The NCAA turned down Florida State's proposal that a "blue-ribbon committee" be formed to review the policy of vacating wins as a form of punishment, and that the policy be suspended from use while it is under review, according to a report in the Orlando Sentinel.
T.K. Wetherell, president of Florida State -- which on March 6 learned of its penalties resulting from an investigation into an academic cheating scandal -- wrote the NCAA a letter, dated March 17, in which he made the proposal, according to the Sentinel.
But NCAA president Myles Brand, in his response dated March 20 and reported by the Sentinel, said the Committee on Infractions already was reexamining its "entire penalty structure," and that any recommendations for changes would be sent to the NCAA Division I Board of Directors for consideration.
In the meantime, Brand wrote, "It would be arbitrary to suspend only the vacation-of-wins penalty and impractical to suspend them all."
The Florida State football team and nine other programs -- baseball, men's track and field, women's track and field, men's swimming, women's swimming, men's basketball, women's basketball, softball and men's golf -- were ordered to serve four years of probation and face a reduction in scholarships as punishment for the academic cheating fraud.
The cheating occurred mainly through online testing for a single music history course in fall 2006 and the spring and summer semesters of 2007. It included staffers helping students on the test and in one case, asking one athlete to take it for another.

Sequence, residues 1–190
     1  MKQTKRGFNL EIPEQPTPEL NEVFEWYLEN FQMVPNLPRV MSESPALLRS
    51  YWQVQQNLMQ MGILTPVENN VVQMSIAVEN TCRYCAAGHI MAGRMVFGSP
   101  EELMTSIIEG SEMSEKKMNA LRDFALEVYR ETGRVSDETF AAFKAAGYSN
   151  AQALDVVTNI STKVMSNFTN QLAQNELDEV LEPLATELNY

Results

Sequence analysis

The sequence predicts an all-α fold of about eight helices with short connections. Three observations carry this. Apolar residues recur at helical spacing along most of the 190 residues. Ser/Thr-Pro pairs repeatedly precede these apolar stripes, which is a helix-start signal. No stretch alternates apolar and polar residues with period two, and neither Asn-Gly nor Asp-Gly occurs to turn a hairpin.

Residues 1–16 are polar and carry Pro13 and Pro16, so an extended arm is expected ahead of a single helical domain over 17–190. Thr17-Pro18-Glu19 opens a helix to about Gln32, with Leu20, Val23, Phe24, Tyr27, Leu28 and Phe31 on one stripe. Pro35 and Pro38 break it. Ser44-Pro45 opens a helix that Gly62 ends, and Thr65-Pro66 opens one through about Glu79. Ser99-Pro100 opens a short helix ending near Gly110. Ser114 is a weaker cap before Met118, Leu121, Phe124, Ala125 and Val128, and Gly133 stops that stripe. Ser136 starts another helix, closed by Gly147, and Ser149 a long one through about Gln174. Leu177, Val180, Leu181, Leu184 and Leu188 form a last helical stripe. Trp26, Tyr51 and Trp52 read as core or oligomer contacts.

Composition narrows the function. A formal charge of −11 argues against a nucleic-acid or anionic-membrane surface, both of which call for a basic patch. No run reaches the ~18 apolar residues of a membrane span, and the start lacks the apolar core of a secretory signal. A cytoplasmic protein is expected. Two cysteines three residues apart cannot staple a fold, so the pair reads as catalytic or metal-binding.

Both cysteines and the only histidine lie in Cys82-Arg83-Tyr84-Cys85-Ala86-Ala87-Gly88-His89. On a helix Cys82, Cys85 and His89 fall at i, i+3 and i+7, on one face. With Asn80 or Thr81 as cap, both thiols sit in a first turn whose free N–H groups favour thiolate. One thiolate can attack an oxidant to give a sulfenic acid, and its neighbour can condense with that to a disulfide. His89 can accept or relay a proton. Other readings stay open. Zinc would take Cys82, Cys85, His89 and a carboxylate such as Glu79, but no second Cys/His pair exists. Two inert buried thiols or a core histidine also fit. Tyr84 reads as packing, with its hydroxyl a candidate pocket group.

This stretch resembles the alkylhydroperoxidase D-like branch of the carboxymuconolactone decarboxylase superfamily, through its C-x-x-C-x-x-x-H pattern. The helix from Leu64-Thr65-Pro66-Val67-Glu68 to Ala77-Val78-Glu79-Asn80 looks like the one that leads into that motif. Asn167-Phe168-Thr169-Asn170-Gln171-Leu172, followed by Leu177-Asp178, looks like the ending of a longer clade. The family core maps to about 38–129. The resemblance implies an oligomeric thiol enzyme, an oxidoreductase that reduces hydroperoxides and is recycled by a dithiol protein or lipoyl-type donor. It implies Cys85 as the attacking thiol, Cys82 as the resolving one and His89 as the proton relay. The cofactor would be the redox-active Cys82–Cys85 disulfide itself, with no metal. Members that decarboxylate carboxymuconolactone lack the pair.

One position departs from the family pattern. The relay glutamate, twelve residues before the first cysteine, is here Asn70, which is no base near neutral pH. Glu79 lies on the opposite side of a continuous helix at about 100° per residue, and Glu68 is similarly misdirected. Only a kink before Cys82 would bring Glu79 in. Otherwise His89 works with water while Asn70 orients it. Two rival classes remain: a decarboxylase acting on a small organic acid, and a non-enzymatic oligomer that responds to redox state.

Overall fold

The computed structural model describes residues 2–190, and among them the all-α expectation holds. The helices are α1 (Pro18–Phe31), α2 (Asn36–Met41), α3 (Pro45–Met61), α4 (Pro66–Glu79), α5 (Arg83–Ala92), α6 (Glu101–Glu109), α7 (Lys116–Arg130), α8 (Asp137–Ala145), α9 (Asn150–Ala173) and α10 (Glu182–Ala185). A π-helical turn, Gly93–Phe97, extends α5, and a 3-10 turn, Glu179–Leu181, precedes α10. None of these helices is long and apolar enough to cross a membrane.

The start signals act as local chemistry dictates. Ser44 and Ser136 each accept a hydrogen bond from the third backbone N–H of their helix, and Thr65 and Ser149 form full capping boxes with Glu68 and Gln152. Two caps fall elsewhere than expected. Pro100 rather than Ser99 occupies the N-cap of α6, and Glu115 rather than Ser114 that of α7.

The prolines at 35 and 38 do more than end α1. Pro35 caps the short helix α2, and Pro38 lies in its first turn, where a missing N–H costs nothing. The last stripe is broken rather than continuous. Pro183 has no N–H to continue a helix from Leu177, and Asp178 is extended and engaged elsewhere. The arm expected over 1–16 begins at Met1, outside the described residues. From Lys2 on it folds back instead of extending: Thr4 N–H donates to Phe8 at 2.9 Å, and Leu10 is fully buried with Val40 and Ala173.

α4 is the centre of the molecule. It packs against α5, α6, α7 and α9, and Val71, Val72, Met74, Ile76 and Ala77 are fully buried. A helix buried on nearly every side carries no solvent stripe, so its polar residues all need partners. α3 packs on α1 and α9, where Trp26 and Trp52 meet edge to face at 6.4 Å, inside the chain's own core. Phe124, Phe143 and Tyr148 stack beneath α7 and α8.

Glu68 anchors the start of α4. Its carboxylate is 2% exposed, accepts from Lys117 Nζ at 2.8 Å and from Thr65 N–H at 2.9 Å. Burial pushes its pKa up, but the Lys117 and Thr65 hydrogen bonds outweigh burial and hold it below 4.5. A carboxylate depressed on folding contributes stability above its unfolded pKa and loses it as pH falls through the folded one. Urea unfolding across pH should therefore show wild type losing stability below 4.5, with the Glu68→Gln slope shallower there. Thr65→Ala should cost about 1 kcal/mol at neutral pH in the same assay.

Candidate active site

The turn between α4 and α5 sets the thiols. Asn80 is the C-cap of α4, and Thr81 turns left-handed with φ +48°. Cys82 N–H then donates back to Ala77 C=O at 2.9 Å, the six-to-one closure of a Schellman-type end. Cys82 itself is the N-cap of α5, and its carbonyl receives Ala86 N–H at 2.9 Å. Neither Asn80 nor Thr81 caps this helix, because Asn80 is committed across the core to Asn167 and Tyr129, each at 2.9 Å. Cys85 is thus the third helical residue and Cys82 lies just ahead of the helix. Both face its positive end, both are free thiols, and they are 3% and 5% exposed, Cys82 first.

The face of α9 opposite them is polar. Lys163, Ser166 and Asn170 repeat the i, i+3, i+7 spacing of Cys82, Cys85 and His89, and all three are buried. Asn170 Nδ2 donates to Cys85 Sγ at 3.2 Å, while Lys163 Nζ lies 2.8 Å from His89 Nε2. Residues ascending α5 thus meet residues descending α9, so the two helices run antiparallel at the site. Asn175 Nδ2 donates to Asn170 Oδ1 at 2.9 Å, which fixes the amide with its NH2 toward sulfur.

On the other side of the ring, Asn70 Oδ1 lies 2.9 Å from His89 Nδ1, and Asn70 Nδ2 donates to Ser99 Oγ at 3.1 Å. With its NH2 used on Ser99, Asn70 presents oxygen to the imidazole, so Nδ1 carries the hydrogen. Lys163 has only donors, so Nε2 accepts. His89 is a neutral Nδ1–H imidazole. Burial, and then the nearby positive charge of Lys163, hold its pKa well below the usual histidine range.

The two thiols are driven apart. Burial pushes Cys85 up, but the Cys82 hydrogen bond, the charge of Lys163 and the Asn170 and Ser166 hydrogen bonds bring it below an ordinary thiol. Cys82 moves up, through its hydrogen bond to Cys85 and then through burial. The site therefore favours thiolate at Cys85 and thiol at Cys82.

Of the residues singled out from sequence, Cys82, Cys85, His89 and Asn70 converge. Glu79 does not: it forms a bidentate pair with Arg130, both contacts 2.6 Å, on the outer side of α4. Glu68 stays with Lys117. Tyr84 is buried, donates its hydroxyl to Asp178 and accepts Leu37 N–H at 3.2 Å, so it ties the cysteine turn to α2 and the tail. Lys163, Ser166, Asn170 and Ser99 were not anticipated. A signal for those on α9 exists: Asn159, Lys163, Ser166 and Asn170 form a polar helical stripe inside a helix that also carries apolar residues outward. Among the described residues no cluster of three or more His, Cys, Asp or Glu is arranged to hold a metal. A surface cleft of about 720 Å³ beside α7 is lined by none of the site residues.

As a result, Florida State also is being ordered to vacate any victories in which any of the 61 athletes involved in the academic cheating may have participated.
The person most affected by that penalty might have to be football coach Bobby Bowden, who has 382 career wins -- one fewer than Penn State's Joe Paterno, the all-time major college leader. Fourteen of the team's victories would be affected by the penalty, and if those victories are subtracted from Bowden's official total, it could ruin his chances of retiring as the NCAA leader.
"The coaches had no involvement," Wetherell said Tuesday. "To hold them responsible in this case is simply wrong."
The Sentinel also reported that in Brand's March 20 letter, Brand acknowledged receiving official word that Florida State intended to appeal the vacation-of-wins penalty levied by the NCAA.
Information from The Associated Press was used in this report.